“Lately i wake up and realize i'm going to be angry the rest of the day, and i'm never wrong,” tweets Sarah Jones. As Sydney Ember of The New York Times reports, Glenn Thrush, New York Times Reporter, Accused of Sexual Misbehavior. Ember writes, “The New York Times said on Monday that it was suspending Glenn Thrush, one of its most prominent reporters, after he was accused of sexually inappropriate behavior.” The accusations were revealed in an exclusive from Laura McGann of Vox, NYT White House correspondent Glenn Thrush’s history of bad judgment around young women journalists. Vox tweets, “Star New York Times reporter Glenn Thrush is accused of predatory behavior by four women, including a Vox editor.” “Ugh,” says Kimberly Atkins. Tweets Dara Lind, “I don't think I've ever been prouder of my publication than this @lkmcgann piece.”
And now, “Another woman comes forward on Franken,” tweets Sam Stein. CNN’s MJ Lee has the exclusive, Woman says Al Franken inappropriately touched her in 2010, which was after he became a senator. Also, Jeffrey Tambor Exits ‘Transparent’ After Sexual Harassment Allegations. That’s from Dominic Patten of Deadline. “Wow, it’s still shocking every time,” says Jenny Cooney Carrillo. “I’m dizzy,” says Dee Lockett. “Actor says he would not ‘deliberately’ harass anyone, but leaves show anyway. An accident? Who’s next?” asks Stu Bykofsky.
According to Alex Stone and Mark Osborne of ABC News, Police are investigating 22 alleged sex crimes tied to Hollywood, source says. “Meanwhile this story from the spring continues to have developments,” as James Pindell tweets, referring to Former Oklahoma state senator Ralph Shortey has agreed to plead guilty to a child sex trafficking offense, by Nolan Clay of The Oklahoman.
One of the big stories this morning: Charles Manson, mastermind of 1969 murders, dies at 83. That’s The Los Angeles Times obit from Miles Corwin. Margalit Fox at The New York Times puts it this way: Charles Manson Dies at 83; Wild-Eyed Leader of a Murderous Crew. Former AP reporter Linda Deutsch recalls surreal spectacle of Manson trial. She writes, “‘This is crazy,’ I said to another reporter. Little did I know how crazy it would become.”
Joe Mozingo of The Los Angeles Times explains how Charles Manson crawled from the Summer of Love to descend into Helter Skelter. Natalie Finn of E! News writes about the Summer of ’69: When Charles Manson Scared the Hell Out of Hollywood. And from Theresa Vargas of The Washington Post, Brutally killed by Charles Manson’s followers, Sharon Tate became the face of victim’s rights.
“From Forbes, that bastion of liberalism...” as Melinda Newman tweets, Stan Collender writes in Forbes that the GOP Tax Bill Is The End Of All Economic Sanity In Washington. Brandon Weber explains: “The GOP tax bill's insanity is compounded by it not having any idea of the harm it will actually do to the economy.” “This is just more fallacious Democratic punditry from that Communist rag the [squints] Forbes dot com,” tweets Shea Hennum. Jake Bernstein points out, “@TheBudgetGuy is veteran of fiscal policy debate who literally wrote a book on Fed budget, never seen him so alarmed.” “Happy holidays, America,” says Todd Cunningham.
Sonam Sheth of Business Insider reports, Mueller may be close to wrapping up a significant part of the Russia investigation. The piece references a recent article by Politico’s Darren Samuelsohn, Hope Hicks may hold the keys to Mueller's Russia puzzle. As Peter Kadzis tweets, “Mueller Hopes Hicks will spill the beans.”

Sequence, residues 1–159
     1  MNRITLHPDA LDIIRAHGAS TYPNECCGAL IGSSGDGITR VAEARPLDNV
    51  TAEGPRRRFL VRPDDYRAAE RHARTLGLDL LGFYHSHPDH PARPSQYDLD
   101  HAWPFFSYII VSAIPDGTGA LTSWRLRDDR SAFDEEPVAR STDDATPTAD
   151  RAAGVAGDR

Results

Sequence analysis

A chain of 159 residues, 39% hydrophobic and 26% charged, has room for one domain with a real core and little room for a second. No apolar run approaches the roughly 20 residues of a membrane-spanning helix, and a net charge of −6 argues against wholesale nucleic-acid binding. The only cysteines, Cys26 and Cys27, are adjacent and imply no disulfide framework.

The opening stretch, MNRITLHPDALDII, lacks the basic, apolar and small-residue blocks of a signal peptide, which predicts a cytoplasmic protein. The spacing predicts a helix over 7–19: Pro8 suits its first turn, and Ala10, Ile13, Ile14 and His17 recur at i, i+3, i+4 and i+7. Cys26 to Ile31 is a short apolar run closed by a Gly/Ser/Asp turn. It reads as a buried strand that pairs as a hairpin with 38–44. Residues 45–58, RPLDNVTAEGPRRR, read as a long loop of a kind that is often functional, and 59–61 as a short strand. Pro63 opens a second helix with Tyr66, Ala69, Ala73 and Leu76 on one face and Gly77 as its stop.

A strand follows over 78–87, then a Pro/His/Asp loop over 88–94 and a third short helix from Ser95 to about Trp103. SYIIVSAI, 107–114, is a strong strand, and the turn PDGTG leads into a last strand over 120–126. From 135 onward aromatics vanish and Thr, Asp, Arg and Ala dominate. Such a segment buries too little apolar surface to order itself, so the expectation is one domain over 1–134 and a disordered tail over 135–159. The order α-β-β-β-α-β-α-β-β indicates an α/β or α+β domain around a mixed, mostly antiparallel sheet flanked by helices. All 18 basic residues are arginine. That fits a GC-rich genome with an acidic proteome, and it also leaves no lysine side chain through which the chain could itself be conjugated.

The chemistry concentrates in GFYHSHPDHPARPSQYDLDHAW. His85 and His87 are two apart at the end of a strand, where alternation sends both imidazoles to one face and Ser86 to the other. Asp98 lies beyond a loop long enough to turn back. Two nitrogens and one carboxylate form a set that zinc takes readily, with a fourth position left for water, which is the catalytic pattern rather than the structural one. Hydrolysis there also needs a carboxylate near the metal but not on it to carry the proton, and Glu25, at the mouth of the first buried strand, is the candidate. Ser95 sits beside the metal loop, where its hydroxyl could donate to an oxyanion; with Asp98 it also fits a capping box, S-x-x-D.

The latest from Ashley Parker and Carol Leonnig of The Washington Post: ‘A long winter’: White House aides divided over scope, risks of Russia probe. Tweets Ken Vogel, “When @WhiteHouse staff gather in the morning, they jokingly greet each other: ‘Good morning. Are you wired?’” And Paul Demko highlights: “‘This investigation is a classic Gambino-style rollup. You have to anticipate the roll up will reach everyone.’” Tweets Cristian Farias, “A long winter ahead for the White House. You know it’s bad when they’re joking about snitches on the inside.” Says Ray Locker, “There is no way the Russia investigation is almost over.”
“For anyone interested, this piece from the @nytimes caught me up with what’s going on in Zimbabwe,” tweets Joe Baur, who links to Robert Mugabe Is Ousted From His Ruling Party in Zimbabwe, by Jeffrey Moyo of The New York Times. Tweets Steffen Schmidt, “It's likely the military will execute him lest he become Hugo Chavez - failed coup. Vengeful dictator.” And Kevin Sieff of The Washington Post reports, Mugabe’s party gathers to begin his impeachment.
So “Facebook is out of control,” as Gabriel Sherman tweets. He links to We Can’t Trust Facebook to Regulate Itself, The New York Times op-ed from Sandy Parakilas, a former operations manager on the platform team at Facebook. Tweets Charlie Warzel, “this, from a former Facebook manager about data/privacy, is eye-opening.” David Sable says, “And we need to be smarter about what we agree to. And more thoughtful about how we use these platforms.” Kim Ghattas calls it “A sobering read.” “A really fascinating @nytopinion piece to kick off your Monday,” says Madeline Buxton.
At least we’ve got this going for us: Andrew Tarantola of Engadget explains How NASA will defend the Earth against plagues from outer space. And Hanneke Weitering of Space.com shares this video: Wow! Astronaut Captures Incredible View of ‘Fireball’ Meteor from Space.
Country Music Hall of Famer Mel Tillis died on Sunday at age 85. Juli Thanki has the obit for The Tennessean. And, as Daniel Kreps of Rolling Stone reports, AC/DC guitarist and founder Malcolm Young died on Saturday at age 64. “For those who rocked, we salute you…” tweets Marke Driesschen.